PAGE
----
The water soluble paste test helps us better understand of what is on the soil colloid how much of it is actually mobilizing into the rootzone so that the plant can take it up. A good analogy here is the standard colloidal test is like a bank’s long term CD account where the money won’t be available for a period of time and the paste extract test is more like the checking account where money can be drawn on demand.

Here with Red Bull Arena we can see that calcium and magnesium are not mobilizing well. Ideally on this test we shoot for calcium solubility between 40-60 ppm’s, magnesium between 8-15 ppm’s and potassium between 7-20 ppm’s. With this test we see calcium mobility below 20 ppm’s and magnesium below 5 ppm’s when using the irrigation water but even lower with de-ionized water, which better mimics rain water. This suggests that the plant will not get the needed calcium to build cell walls or enough magnesium needed as a foundation to the photosynthesis process.

These weaknesses can lead to plant stress and susceptibility to pest problems and affect the ability of the turf to recover from the level of play that will be seen on a field like this. Again, the granular applications of gypsum and sul-po-mag will help to provide a level of availability to the plant but a good liquid spray program consisting of NPK, Ca, Mg, traces and some liquid organics are suggested to help the plant get what the soil cannot provide. On low CEC sand-based fields small but frequent applications of all nutrients is important, small monthly applications of the soluble granular and bimonthly applications of the spray program has proven to be very effective.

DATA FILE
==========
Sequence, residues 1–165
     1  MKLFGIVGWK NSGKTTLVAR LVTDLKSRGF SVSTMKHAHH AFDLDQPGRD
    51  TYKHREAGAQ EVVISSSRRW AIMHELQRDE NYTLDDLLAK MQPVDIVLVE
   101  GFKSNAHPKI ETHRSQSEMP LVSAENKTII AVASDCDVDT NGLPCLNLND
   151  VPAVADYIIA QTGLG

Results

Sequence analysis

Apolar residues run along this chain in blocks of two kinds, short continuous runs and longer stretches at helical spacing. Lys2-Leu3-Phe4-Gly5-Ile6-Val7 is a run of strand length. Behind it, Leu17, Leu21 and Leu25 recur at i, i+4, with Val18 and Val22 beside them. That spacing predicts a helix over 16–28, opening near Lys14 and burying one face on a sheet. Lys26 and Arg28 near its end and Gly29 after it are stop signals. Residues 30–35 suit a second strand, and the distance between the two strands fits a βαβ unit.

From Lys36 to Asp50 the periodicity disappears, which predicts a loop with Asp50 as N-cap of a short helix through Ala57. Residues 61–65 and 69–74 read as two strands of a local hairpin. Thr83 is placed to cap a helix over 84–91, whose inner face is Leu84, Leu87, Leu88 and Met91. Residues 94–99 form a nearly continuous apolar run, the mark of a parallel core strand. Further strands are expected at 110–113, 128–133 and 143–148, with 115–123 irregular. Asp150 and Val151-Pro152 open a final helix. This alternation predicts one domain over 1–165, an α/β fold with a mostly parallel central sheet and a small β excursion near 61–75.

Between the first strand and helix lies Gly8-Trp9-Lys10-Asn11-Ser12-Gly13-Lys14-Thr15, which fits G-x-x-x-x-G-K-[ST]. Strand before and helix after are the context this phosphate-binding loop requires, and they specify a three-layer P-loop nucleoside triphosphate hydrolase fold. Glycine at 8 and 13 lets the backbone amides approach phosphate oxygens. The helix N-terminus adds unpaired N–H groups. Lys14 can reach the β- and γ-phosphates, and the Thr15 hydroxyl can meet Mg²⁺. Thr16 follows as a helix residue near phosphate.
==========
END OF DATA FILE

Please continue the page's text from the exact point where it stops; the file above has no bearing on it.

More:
Culturally a good spiking program is suggested to help keep bicarbonates from building up on the soil surface. Although the water does not show extremely high levels of bicarbonates with the physical pressures placed on a field like this one bicarbonates will build up and the soil surface will become sealed restricting air and water movement. This can lead to localized dry spots, poorer rooting and biological weaknesses affecting nutrient mobility. The soluble calcium program will help here but the use of wetting agents and the physical practice of spiking will help to keep the surface open and air moving through the soil profile. 

Joel Simmons is the President of Soil First consulting and EarthWorks Natural Organic Products and can be reached at Logan Labs is located in Lake View Ohio and can be found on the web at